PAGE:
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The extremely hot week preceding the ride, and the Southerly change forecast for Saturday did not put off the 8 riders booked in for the ride. (3 had pulled out for other reasons - Davis's had some little World Rogaining Championship competition, and Gill's excuse was a broken hand courtesy of a previous MTB ride I had led). The 8 of us - myself and Michael, Peter and Louise, John Souter, Denise Davies, Fiona, Cathy Bennet -all met at the Braidwood Bakery on Saturday morning. After fuelling up, we mounted our 3-day loaded steeds and pedalled out of town.
There was an extremely strong wind blowing and there were a couple of scary moments as the wind tried to push us off the road. We didn't have to go far, however, till we turned South and the strengthening wind was behind us. Awesome - several kilometres of being literally pushed along like a freight train. As our road curved around, so did the wind direction and the wind stayed right behind us almost all the way to the Monga Forest. We hit the dirt on the border of the Monga N.P., and were sheltered from the wind by the wonderful tall trees. Some were complaining of the heat as we rode up some small hills (some complained about the hills too) - hard to keep some people happy - I organise a tailwind and a cooling breeze and they still complain!.
Before long we passed through the small township of Monga where the welcoming signs read something like "no stopping, no telephones". Apparently the locals were not too happy about their forest being turned into a N.P. From Monga it was only 2.5km to the Dasyrus Picnic area where lunch was devoured. (Did I mention that people had been complaining about hunger?) After lunch, we followed the Mongarlowe River upstream on the Forest Rd - a gorgeous tree-fern lined track closed off to vehicles. It was very dry looking though, and we were a bit concerned about water availability. The troops kept stopping to look at possible camp sites, but I had one in mind from a previous nocturnal visit to the area (you'll have to read my article in the last Australian Cyclist magazine). To cut a long story short, we pushed on, over and under tree branches, carrying the bike up and down ditches etc. and found the area I had spotted in the dark - it was CRAP!!!! So we backtracked over the trees, ditches etc. and decided on a lovely spot discovered earlier by Peter. This site, about 4km from the picnic area, was replete with wonderful Gippsland waratahs - quite different to our usual variety, but still very beautiful. Only 200m down the road was a gorgeous rainforest creek where we could wash and replenish water supplies. We'd done about 30km for the day.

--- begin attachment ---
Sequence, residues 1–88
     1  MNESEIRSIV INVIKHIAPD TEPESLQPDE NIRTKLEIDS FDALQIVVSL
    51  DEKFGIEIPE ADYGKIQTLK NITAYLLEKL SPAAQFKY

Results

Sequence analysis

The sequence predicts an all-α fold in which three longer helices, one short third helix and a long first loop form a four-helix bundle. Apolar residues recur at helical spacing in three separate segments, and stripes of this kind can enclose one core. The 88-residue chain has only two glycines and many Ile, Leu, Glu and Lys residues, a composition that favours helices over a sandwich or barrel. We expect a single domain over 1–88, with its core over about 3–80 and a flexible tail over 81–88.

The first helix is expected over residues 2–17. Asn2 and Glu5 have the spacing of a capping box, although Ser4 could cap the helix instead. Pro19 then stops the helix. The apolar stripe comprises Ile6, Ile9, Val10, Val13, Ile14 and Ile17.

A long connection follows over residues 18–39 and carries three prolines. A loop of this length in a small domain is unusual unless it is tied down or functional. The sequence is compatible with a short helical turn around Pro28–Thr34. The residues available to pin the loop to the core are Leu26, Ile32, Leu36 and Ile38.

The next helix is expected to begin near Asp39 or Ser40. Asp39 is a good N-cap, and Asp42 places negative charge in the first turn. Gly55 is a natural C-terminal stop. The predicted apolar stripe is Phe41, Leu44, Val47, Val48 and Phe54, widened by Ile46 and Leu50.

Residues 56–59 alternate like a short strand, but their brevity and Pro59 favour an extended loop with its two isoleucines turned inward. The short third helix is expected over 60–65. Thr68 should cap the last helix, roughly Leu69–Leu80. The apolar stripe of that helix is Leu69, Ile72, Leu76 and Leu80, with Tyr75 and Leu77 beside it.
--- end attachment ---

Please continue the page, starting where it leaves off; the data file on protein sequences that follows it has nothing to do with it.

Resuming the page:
We set up camp, and laughed at John's $10 kiddies tent (cheap and lightweight was his claim). It was a step up from the beach shelter he had mistakenly brought on the Budawangs long weekend walk, at least he could fit in this one! We had a lovely calm night (unexpected after the strong winds we'd had).